Nature Notes: June
And, just like that, we’re in Summer and the longest day is nearly here. Whilst we may have been a little distracted by being able to get out and do more, nature has been getting on with its most productive time of year – the breeding season. If you’ve woken up early and popped your head outside recently, you’ll have heard the most spectacular dawn chorus – birds of all shapes and sizes signing as loud as they can to attract attention from the females of their species. At our house we’ve been watching some busy blue tits and house sparrows making nests and then – both can have more than one brood of chicks per year and each brood takes around 3 weeks to fledge. Blue tit parents will be busy in those three weeks – an average sized brood of chicks needs around 10,000 caterpillars and other invertebrates to get it to fledgling age!
Wildflowers start to bloom this month – foxgloves, ragged robin and oxeye daisies will all appear this month, starting to fill any wild spaces with colour. It’s really important to try and leave some space to go wild at this time of year so wildflowers have a space – we need them to support our pollinators, including bees, moths and butterflies. Pollinators are in decline because of a lack of food, due to the use of weed killers and people’s keenness to mow the grass short. However, we really need them to pollinate flowers and crops, so try and be a bit less tidy this year and leave a space for wildlife to thrive.
Environmental tip of the month: Shop local After a year of staying in our houses we’re making the most of socialising and being outside. But barbeques and picnics can make a lot of waste – reusable barbeques, food in plastic, drinks in bottles. So, as well as buying yourself a reusable barbeque, why not make a trip to your local butcher for the meat on your barbeque – higher quality, supporting a local butcher, and now some butchers are happy for you to bring your own containers to put your purchases in.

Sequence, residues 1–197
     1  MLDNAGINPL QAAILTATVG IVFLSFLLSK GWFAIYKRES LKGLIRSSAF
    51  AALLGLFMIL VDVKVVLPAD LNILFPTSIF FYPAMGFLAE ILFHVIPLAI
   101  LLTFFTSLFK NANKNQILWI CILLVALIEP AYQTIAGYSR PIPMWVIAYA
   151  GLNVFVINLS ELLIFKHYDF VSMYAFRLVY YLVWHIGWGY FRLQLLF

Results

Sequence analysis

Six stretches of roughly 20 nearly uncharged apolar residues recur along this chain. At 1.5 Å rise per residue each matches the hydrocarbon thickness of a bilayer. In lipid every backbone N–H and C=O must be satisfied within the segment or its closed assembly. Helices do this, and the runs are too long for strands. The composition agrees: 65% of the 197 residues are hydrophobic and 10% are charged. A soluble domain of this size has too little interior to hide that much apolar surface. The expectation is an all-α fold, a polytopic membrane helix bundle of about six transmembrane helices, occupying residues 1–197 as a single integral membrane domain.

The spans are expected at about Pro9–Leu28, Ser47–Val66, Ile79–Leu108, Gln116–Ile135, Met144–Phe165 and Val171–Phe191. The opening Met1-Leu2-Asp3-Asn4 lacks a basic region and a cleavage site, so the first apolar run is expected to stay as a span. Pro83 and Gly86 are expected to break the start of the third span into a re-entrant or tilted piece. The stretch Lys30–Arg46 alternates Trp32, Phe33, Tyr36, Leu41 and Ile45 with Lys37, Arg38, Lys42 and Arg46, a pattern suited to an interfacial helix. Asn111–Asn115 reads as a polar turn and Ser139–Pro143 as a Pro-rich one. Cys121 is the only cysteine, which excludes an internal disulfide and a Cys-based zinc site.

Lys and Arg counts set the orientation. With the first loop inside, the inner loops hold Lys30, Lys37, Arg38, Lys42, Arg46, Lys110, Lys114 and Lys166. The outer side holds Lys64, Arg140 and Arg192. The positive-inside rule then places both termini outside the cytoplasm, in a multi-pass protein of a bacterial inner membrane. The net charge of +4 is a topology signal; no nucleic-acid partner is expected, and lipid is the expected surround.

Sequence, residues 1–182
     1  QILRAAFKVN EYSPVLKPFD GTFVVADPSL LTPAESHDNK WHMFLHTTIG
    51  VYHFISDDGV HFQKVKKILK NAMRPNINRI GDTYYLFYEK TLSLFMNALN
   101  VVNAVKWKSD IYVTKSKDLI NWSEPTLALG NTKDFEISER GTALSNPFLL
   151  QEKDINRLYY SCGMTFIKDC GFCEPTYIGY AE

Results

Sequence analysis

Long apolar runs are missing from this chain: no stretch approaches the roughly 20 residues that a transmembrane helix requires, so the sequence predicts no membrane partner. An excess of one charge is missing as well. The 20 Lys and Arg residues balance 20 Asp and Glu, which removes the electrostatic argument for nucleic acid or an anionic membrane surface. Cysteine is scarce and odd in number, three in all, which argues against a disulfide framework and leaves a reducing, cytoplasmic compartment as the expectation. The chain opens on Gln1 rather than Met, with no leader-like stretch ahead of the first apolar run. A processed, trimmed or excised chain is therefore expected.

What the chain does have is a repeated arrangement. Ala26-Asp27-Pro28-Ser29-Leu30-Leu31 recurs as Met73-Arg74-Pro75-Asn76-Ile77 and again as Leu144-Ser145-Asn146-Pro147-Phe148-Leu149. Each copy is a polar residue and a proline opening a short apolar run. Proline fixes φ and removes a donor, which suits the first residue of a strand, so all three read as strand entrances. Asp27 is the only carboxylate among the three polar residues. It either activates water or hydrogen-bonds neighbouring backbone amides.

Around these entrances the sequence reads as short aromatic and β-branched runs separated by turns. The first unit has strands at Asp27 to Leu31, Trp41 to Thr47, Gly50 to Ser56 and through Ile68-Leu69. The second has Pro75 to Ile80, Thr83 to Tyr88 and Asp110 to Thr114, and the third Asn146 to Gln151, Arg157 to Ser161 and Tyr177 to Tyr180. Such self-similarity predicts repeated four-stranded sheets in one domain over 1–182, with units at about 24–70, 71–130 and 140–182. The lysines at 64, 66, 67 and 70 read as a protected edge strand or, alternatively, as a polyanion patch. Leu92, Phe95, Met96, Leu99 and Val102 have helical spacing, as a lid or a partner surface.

Nature Notes: Spring
April brings the start of Spring proper, with birds, bees, flowers and trees getting into full gear. The dawn chorus is at its most wonderful (if you’re up that early), and birds are busy building nests and feeding young. Bees are making the most of the Spring flowers, especially the dandelions that provide the first proper nectar source of the year. Wild garlic and wood anemones carpet woodland floors, soon to be replaced by swathes of bluebells. Hedges are coming into leaf, with vibrant new green leaves that are still delicate and susceptible to frost. Ponds are also coming alive, with wiggly tadpoles and the first invertebrates such as pond skaters making an appearance as the water warms. You may even see the odd Peacock butterfly basking in the first sun, as long as April is not too full of showers.
Over the next few months fruits trees will blossom and our summer visitors will arrive – a welcome sight after a cold and windy winter!
Environmental tip of the month: Are you a ‘google-er’? Did you know that Google is one of the most power hungry organisations in the world, with huge buildings full of computers ready to find the name of that song or the date of that important event for you? Whilst Google are carbon neutral, you can go one better – Ecosia (www.ecosia.org) is a carbon negative search engine and plants trees every time you search. At the time of writing they had planted over 1.2 billion trees around the world. By using them you can do something about mitigating the effects of climate change without leaving your house – the easiest kind of climate action! I’ve used Ecosia for around 4 years now, and now honestly find Google garish and horrible to use, so give it a go and stick with it.